13 Sep Ageing in the Workplace
An ageing population exists in the United Kingdom and this is thought to be due to an increased life expectancy alongside low birth rates. This means that there will be a reduction in the number of young people available to work and an increasing pressure on employees to work for longer1. In fact, approximately 1 in 7 employees are aged over 65 years old2. Research published by Restless in 2019, found that the number of older adults aged over 70 years old in part or full time employment, had almost doubled that of 2009, reaching nearly half a million3. Prior to this, from December 2017 to February 2018, those aged 65 years or over accounted for 1.2 million people currently working, which is equivalent to approximately 10.2% of this age group4.
As state pension age continues to rise, it means that the length of time an employee remains in work is changing. Being able to retire at state pension age can be considered a luxury for some, with many older adults continuing to work past retirement age. The decision can be influenced by a number of factors, for example, the social aspect, self-esteem, financial security, caring responsibilities and whether an employee’s partner works1. Subsequently, older adults remaining in work or beginning a new job in later life will bring both benefits and challenges to the workplace. Employers need to recognise these benefits and be able to tackle any challenges facing older adults.
Benefits of an ageing workforce to employers
Having an ageing workforce can often be seen as a burden to workplaces, but it should be thought of as an opportunity so that individuals, organisations and nations can thrive5. Older employees in the workplace offer the opportunity to act as mentors to younger employees by sharing their knowledge and skills6. Older employees have established networks vital to many businesses and can provide experience of how to deal with uncertain situations7. It is also recognised that older employees are less likely to leave the workforce if they have the flexibility and security in the job7. Having a diverse age range working together can lead to improved solutions and generation of new ideas in the workplace7.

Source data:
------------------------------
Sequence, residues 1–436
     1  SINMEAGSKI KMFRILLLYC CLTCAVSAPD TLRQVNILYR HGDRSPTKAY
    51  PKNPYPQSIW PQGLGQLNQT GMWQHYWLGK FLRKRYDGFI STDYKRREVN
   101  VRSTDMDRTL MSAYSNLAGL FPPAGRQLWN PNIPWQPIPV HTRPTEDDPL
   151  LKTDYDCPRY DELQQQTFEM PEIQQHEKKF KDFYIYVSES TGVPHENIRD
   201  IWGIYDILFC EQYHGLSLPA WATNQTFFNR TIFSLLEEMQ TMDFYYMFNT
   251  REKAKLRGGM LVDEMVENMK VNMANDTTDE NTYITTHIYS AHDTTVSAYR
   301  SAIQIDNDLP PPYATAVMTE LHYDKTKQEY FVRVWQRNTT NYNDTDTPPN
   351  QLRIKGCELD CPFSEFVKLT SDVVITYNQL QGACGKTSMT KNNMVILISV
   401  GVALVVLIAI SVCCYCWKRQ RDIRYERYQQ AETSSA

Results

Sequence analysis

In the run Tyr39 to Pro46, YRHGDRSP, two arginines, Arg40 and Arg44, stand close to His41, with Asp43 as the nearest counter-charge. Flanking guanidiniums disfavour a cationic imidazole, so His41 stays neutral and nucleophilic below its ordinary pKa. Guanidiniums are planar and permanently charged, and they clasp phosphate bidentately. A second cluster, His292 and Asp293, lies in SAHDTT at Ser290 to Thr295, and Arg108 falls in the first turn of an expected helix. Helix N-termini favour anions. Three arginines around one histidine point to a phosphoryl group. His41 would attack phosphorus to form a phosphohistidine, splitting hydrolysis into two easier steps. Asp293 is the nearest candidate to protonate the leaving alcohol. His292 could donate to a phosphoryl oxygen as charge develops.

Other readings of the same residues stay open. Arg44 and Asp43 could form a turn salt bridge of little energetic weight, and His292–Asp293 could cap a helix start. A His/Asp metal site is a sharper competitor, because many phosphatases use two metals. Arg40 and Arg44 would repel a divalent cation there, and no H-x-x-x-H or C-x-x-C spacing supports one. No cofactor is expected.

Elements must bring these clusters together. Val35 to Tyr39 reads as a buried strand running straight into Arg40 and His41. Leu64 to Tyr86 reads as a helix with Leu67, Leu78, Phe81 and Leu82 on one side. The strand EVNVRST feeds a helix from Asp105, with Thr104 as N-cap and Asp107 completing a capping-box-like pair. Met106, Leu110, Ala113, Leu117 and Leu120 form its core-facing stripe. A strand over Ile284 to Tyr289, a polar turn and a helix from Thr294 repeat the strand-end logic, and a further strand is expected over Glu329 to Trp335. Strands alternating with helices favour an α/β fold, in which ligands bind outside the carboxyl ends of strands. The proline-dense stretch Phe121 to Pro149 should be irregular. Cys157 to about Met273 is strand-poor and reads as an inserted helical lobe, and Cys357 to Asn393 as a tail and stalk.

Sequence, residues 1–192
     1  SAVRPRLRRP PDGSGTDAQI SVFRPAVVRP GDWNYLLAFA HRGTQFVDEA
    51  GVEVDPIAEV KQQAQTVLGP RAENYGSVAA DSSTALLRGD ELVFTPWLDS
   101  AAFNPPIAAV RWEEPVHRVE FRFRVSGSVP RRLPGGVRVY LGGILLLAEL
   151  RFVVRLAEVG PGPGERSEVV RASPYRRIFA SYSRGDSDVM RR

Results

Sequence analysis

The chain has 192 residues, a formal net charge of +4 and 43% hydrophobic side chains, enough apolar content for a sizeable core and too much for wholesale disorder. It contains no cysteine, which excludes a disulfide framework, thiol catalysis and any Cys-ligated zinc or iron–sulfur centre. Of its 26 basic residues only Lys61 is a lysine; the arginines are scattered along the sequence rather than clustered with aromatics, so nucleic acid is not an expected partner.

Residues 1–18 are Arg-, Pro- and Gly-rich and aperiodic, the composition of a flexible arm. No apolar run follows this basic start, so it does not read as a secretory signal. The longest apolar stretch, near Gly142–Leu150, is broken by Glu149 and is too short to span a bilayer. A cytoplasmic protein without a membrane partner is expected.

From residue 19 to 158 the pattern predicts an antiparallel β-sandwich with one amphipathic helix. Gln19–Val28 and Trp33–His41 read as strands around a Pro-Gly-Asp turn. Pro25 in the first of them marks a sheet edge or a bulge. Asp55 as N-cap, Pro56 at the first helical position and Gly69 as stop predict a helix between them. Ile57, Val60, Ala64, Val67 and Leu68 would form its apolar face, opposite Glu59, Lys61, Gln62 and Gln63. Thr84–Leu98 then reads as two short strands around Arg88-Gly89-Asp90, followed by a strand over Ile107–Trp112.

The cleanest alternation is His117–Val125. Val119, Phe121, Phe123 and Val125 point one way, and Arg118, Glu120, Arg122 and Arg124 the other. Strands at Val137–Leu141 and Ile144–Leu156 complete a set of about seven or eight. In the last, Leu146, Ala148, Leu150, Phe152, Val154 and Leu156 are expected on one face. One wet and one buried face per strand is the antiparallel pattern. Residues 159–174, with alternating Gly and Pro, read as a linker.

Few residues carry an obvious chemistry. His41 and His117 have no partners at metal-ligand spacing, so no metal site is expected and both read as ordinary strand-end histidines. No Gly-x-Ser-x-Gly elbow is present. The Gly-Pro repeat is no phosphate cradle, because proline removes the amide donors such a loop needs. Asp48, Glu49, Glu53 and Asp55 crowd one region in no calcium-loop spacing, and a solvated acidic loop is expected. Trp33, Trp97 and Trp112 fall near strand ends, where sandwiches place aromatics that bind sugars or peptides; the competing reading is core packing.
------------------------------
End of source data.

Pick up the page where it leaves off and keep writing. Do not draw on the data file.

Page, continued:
Challenges of an ageing workforce to employers
Findings in the AARP Ageing Readiness and Competitiveness Report suggested that ageism and misconceptions amongst older adults is a barrier facing those either remaining in work or re-entering the workplace at an older age6. This may be due to the misconception that health and employability declines with increasing age, however only a minority of older people still working have a decline in their physical and mental health1. Furthermore, there is a negative stereotype associated with older adults, for example, that they are unable to use technology, resistant to change and perceived to have less potential to progress6. Therefore, it is important that workplaces combat these stereotypes, as older employee’s offer a number of benefits as discussed above.
With more people remaining in work until older, this will have implications on employers in relation to health and safety and occupational health responsibilities1. Although, evidence has suggested that if over 65 year olds are free from illness, that they are no worse a detriment than those aged 501. However, providing support for those at risk of developing chronic diseases may improve workability and reduce the risk of workplace absence1. It is suggested that all staff are provided with occupational health including, health promotion, physiotherapy and counselling, as this will encourage staff engagement1.